Louis XIV certainly wished to impress the Sultan with his naval power. This had been one motive for the dispatch of Admiral Du Quesne into the Aegean in 1681 and 1682. At the same time he distinguished very clearly reasons of state, which forbade him to sacrifice his interests in western Europe by helping Leopold against the Turks in 1683, from the commercial and ideological considerations which justified a fierce assault on the corsairs of the western Mediterranean. This assault was his crusade, an enterprise which satisfied the French king and his subjects that they also fought boldly for the Christian cause; but the Moslem strongholds of Tunis or Algiers were remote, peripheral, and to attack them was not to weaken the Sultan.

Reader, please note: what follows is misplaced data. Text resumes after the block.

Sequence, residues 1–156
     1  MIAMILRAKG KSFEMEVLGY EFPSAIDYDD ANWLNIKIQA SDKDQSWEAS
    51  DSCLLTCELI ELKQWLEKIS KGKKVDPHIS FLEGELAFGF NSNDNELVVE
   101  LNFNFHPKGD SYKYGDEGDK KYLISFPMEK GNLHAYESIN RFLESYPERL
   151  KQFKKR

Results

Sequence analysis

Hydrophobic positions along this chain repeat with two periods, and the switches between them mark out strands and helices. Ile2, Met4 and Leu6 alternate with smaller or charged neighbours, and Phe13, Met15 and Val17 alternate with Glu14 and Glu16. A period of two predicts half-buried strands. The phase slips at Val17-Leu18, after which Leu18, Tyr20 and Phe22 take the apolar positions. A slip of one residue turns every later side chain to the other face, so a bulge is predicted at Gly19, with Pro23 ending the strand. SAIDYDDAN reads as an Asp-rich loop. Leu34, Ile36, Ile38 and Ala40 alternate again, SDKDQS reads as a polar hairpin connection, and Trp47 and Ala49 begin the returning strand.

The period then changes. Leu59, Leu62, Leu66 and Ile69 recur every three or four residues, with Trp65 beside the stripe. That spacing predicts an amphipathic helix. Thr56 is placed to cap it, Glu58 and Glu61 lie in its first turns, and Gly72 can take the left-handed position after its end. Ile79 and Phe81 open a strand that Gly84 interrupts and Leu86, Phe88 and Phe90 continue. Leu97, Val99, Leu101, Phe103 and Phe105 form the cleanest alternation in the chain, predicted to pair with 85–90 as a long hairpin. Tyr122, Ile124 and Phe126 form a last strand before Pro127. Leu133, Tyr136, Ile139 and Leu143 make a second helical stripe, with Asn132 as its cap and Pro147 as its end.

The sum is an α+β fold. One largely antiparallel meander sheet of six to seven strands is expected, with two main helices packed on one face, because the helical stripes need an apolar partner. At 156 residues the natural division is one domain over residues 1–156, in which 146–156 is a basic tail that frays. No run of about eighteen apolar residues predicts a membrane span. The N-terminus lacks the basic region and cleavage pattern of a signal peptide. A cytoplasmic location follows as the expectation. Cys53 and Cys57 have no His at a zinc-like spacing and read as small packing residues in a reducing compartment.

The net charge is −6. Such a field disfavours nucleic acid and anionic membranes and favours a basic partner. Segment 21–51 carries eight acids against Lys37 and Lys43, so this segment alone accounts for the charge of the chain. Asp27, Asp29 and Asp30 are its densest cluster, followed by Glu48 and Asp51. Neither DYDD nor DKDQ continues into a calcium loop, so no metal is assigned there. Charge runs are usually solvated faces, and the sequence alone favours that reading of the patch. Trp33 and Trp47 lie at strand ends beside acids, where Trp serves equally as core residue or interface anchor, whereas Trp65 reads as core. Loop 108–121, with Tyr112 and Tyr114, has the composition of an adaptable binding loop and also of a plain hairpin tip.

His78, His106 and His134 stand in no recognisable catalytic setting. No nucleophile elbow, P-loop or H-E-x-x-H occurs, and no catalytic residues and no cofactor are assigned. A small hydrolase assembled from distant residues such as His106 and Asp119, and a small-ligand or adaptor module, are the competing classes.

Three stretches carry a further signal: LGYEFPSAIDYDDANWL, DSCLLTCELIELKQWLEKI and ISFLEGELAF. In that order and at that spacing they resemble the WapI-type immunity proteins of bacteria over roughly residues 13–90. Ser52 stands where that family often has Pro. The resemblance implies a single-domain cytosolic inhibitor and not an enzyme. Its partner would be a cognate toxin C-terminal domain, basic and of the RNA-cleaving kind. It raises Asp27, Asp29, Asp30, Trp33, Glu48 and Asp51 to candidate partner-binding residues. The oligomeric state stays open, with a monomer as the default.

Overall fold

Ever since 1680 Du Quesne’s ships of war had been in action against the corsairs. In 1682 he bombarded Algiers, and in June 1683 appeared there for the second time. On this occasion, in spite of the great strength of the French, resistance was very determined and culminated in a brutal execution of the French consul in the town. Louis’ dispatch of 25 July had instructed Du Quesne to insist on the complete humiliation of the enemy. Another dispatch, of 10 August, witheringly reproached the Admiral for his failure to take the place, and pressed for a relentless bombardment with an exceptionally heavy, new type of mortar by which the French set great store; technically it was a more striking novelty than anything that either the attack or the defence at Vienna, in this very month, had to show. For another four weeks the fate of Algiers was in doubt, before the French finally withdrew. Louis continued to hope for a resounding victory over the infidel, just when the crisis in Vienna was coming to its climax. At the same moment, in the middle of August, he decided to send his troops into the Spanish Netherlands. It seemed certain that no one could help Grana, the Viceroy at Brussels, and Leopold was manifestly unable to do so. If the Spaniards collapsed in Flanders, their ambassador in Passau or Linz would in turn find it impossible to maintain the interest at Leopold’s court which still opposed a settlement in the Empire and the Netherlands on Louis’ terms. But simultaneously Louis would impress Europe as the victor at Algiers, the redeemer of all those Christian captives and slaves in north Africa.